Don’t forget, SEO-friendly doesn’t just mean that it’s easy for a search engine to grasp the topic of a page. More importantly, it means that your visitors can get the gist of your page at a single glance.
Your meta description and your title might be a deciding factor for whether visitors click on your page in the search results in the first place. And once they’ve visited your site, elements like subheadings can be critical for visitors to decide whether they want to stay on your site.
One important rule is not to use a focus keyphrase on more than one page. Otherwise, you might end up cannibalizing yourself. Most of the time, you don’t want to rank for multiple pages on the same keyphrase, because it means that you’re setting yourself up as your own competition.
It’s also important to include the focus keyphrase in crucial elements of your post such as the title, the introduction, your subheadings, and your meta description.
All of these elements are crucial signals for what your post is about. Since your focus keyphrase is, in fact, the main topic of your page, it’s a logical consequence that you should make sure this topic is reflected in all of these elements.
The same logic holds true for your text overall: you need to make sure that you don’t stray off-topic; if you stay on-topic, it should follow naturally that you use your keyphrase multiple times throughout your text. But avoid stuffing your text with your keyphrase just for the sake of it. If you find it hard to include your keyphrase in your text a sufficient number of times, it might be a sign that you should take a different approach to the topic.
To avoid repetition, you can use synonyms. Synonyms are words that mean exactly the same or more or less the same as your keyphrase. An example of this are the words film and movie. Search engines will recognize that they have the same meaning, which you can also check by having a look at the search results: if you search for movie, film will also be highlighted in the results, and vice versa.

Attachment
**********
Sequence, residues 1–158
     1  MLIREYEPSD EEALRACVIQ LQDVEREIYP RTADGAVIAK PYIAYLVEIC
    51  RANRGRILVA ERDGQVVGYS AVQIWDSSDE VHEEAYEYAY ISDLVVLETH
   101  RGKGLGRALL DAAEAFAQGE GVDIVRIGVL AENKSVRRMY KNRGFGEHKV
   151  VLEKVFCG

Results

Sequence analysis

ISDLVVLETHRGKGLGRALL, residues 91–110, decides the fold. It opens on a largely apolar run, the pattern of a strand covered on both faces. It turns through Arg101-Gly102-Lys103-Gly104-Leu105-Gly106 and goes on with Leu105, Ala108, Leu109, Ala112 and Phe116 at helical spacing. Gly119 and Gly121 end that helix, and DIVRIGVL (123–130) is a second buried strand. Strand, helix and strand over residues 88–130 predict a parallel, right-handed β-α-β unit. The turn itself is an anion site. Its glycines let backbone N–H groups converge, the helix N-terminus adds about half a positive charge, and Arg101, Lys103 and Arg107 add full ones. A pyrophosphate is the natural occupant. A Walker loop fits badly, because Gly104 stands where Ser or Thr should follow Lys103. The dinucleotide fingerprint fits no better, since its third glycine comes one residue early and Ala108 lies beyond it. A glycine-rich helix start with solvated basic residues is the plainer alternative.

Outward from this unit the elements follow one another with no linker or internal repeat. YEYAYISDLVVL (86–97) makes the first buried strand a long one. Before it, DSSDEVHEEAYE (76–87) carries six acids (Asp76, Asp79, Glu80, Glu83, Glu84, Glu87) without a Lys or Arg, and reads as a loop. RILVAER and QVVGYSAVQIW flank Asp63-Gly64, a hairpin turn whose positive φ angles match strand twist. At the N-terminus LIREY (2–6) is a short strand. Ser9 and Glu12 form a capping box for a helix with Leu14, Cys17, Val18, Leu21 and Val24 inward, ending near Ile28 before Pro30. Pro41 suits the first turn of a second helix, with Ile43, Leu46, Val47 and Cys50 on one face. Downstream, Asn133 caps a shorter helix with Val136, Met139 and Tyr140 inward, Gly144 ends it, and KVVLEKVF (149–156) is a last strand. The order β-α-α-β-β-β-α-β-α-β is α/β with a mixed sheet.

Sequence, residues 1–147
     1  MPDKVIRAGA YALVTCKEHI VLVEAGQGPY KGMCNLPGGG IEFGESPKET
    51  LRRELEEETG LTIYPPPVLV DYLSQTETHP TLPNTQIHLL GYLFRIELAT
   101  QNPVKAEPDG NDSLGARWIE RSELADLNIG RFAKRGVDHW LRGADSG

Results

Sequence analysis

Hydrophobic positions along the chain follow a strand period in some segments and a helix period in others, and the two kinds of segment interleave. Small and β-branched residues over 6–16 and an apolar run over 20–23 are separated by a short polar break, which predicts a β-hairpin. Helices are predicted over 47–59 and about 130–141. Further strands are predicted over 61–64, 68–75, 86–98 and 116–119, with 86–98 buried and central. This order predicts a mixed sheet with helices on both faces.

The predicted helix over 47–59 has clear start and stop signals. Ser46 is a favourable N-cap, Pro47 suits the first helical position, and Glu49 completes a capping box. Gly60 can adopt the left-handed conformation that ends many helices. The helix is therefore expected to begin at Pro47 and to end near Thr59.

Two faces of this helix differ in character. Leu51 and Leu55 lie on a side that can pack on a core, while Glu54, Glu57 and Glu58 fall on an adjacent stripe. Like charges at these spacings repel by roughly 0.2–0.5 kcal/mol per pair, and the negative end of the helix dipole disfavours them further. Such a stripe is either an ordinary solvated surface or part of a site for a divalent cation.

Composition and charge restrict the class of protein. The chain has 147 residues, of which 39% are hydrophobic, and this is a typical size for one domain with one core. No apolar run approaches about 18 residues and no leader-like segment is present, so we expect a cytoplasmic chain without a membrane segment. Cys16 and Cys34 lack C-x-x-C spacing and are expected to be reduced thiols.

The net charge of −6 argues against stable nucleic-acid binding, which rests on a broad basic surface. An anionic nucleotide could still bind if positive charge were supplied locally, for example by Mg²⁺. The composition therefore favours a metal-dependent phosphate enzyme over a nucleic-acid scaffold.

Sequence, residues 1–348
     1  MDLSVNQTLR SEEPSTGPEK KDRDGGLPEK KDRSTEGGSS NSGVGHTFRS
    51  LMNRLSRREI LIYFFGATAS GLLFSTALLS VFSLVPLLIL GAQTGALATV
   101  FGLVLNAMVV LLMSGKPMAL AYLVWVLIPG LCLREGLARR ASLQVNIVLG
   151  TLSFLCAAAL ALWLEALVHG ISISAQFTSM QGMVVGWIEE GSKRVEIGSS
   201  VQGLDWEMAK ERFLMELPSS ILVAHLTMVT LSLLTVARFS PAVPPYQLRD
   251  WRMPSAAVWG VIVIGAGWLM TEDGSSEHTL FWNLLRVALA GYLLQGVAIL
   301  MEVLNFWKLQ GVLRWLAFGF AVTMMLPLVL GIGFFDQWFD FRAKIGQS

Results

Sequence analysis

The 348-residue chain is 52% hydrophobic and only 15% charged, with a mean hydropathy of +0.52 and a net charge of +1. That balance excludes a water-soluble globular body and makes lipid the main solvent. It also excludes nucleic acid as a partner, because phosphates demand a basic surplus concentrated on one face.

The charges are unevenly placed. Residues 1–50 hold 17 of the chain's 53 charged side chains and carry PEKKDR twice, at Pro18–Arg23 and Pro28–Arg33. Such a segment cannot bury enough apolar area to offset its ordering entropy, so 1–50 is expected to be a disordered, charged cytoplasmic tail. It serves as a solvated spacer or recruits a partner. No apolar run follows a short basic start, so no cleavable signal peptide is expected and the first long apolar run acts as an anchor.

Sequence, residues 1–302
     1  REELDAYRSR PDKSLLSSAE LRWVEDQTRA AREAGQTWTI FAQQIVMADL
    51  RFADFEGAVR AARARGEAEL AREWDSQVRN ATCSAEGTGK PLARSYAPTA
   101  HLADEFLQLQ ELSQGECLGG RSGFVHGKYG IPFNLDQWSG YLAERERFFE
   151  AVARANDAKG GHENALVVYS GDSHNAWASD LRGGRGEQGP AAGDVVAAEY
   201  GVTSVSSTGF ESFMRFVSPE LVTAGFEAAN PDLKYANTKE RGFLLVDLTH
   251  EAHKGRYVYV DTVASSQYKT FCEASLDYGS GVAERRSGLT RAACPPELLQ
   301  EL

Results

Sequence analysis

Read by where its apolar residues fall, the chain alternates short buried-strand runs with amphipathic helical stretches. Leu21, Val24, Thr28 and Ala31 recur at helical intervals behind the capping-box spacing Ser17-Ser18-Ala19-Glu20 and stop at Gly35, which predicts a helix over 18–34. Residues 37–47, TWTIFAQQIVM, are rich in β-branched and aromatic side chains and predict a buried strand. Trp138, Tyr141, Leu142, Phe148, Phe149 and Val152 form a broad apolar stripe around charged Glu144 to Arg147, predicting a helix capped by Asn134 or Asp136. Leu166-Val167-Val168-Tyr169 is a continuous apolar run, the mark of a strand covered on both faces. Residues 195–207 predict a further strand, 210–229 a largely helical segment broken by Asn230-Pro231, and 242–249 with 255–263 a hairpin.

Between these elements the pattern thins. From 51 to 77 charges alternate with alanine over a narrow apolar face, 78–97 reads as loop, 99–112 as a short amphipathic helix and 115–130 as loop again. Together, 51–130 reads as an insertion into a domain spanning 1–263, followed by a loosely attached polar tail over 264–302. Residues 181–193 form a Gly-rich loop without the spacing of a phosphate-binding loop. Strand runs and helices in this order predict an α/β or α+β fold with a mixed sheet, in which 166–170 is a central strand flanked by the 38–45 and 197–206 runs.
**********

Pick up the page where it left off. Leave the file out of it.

You can also make use of related keyphrases to optimize a single page for similar, related terms. You can use these to give context to your keyphrase. For example, if your keyphrase is [pumpkin soup] your related keyphrase might be [winter weeknight dinners]. This second, broader term gives additional information about your topic. It can also create coherence by establishing a link to similar pages on your post.
The Yoast SEO Premium analysis makes it easier to optimize your post thanks to word forms, synonyms, and related keyphrases.
In most cases, your post’s URL should probably contain your focus keyphrase, so that it’s obvious what your page is about from the link. That said, you should always try and keep your permalinks short, descriptive, and clean — don’t put unnecessary words in for the sake of it!
Before you publish new posts or pages, you may also wish to consider removing ‘stopwords’ from your permalink. These are words like “a”, “and”, and “the”. When done carefully, this may make your permalinks more readable, and easier to use or link to. Posts with especially long titles may benefit from this approach.
For posts which have already been published, we’d recommend being careful when changing permalinks. If people have already linked to your pages, changing the URLs may make a mess. Even though WordPress will sometimes redirect users to the new location (the redirects manager in Yoast SEO Premium handles this automatically, and more reliably), changing URLs can impact performance.
Each page’s title — the contents of the HTML
<title> tag — can be one of the most important factors for ranking well in search results. Not only is it the literal title of the tab or browser window, but it’s also the first line people see in the search results. It describes what your page is, or is about, and acts as an advert which encourages users to click.
On many websites, the default structure for posts and pages isn’t necessarily the most optimal approach for SEO. A title like “My blog » Cooking » Carbonara recipe” isn’t as compelling or effective as “My 20-minute delicious carbonara recipe | My Blog”.
It’s critical that you think about the structure of your titles, as well as the content of the title on each individual page. Typically, it’s worth considering that:
For more info on how to create enticing titles for your posts, read our article on crafting good titles for SEO.
Did you know? You can use Yoast SEO to structure your titles!
You can control the default structure of your page titles and descriptions in your Yoast SEO plugin. There are two parts of the plugin that control these. First of all, as soon as you install and activate the plugin, you get an ‘SEO’ section in your WordPress admin.
Navigate to SEO → Search Appearance and you’ll see a bunch of tabs for different types of pages on your site.
For each post type and taxonomy, you can set a so-called Title Template — as well as meta description templates. For posts on our site this looks like this:
This allows you to use components and variables to control how your page titles should behave by default. Of course, these can be overridden on a page-by-page basis.